Cooking accounts for about 4-5% of your total energy bill. By using your cooking appliances efficiently, and changing the way you prepare food, you can make a difference to your energy use, without sacrificing your well-being. After all, food is one of the great joys in life!
Other things to consider when using an electric or gas stove top are:
- Keep the lid on pots when possible to reduce heat loss. It makes the food cook faster and keeps the kitchen cooler.
- Pots and pans with flat bases allow for more contact with the heating elements, which heats your pan more efficiently.
- Check the door seals for any air leakage. Replace the seals to prevent wasted heat, energy and money.
- Try to avoid pre-heating the oven unnecessarily.
- If possible, cook several things at once.
- Reheat food in the microwave instead of the oven.
- Consider using smaller appliances like electric fry pans, slow cookers or microwaves as an alternative.
Some people think that microwaves can contaminate food. This is untrue. Microwaves cause water molecules in food to vibrate which produces heat needed to cook the food. This makes foods high in water content, like vegetables and soups, great for cooking in the microwave.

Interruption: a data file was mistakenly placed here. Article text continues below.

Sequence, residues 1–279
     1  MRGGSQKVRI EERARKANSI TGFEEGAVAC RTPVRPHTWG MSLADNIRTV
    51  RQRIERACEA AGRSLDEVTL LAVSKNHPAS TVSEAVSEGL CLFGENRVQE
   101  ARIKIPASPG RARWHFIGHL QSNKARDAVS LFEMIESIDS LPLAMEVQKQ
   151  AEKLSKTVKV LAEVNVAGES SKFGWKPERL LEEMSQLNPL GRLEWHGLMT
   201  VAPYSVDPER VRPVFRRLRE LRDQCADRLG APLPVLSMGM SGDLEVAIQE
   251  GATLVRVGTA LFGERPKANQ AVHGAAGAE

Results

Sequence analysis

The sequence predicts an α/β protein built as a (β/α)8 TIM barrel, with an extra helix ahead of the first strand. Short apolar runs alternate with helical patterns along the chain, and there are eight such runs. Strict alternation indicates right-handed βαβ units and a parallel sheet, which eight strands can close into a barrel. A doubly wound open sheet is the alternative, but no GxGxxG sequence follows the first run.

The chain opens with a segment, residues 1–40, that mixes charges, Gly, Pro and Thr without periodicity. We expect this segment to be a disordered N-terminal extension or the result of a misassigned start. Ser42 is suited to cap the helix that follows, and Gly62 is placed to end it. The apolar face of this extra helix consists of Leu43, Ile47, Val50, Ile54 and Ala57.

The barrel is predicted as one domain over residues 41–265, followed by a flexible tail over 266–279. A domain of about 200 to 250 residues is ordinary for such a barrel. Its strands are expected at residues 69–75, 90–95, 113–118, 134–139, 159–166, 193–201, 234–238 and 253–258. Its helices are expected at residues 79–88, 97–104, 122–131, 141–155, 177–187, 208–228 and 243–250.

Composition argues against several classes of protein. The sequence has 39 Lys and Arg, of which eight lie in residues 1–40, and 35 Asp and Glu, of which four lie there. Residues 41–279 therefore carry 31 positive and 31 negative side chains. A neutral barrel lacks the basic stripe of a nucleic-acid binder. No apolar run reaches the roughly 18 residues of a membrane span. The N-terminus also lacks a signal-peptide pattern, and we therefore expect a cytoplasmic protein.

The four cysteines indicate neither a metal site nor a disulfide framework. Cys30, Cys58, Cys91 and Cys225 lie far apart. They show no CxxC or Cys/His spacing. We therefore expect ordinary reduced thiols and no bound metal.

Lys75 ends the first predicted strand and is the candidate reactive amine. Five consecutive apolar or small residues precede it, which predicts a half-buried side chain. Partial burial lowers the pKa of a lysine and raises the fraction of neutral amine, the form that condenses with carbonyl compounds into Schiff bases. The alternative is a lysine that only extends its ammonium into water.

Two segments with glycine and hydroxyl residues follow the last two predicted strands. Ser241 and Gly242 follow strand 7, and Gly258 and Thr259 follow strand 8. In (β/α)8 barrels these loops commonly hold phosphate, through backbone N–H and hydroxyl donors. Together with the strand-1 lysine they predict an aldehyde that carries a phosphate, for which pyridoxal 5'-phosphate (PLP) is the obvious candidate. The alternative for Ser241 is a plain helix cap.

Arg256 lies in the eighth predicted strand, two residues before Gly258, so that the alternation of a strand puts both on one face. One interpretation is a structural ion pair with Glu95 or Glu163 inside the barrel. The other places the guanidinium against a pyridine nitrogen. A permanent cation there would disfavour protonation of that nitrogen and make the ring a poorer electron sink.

FREEZING MEALS FOR LATER
There are some things you should know in order to always ensure the food is safe to eat. When it comes to freezing and thawing food, the NSW Food Authority recommends:
- Only freeze food once – bacteria can multiply when food defrosts. If you refreeze uncooked food, bacteria can multiply to dangerous levels.
- Never thaw and refreeze raw food, especially meats.
- You can only refreeze food after it has been cooked thoroughly.
- Cooked leftovers should only be frozen once. After defrosting discard what is not eaten and never refreeze a second time.
- Never thaw food at room temperature – bacteria grow best at this temperature. Try to plan ahead – food defrosts safely overnight in the fridge.
For more information on food safety visit: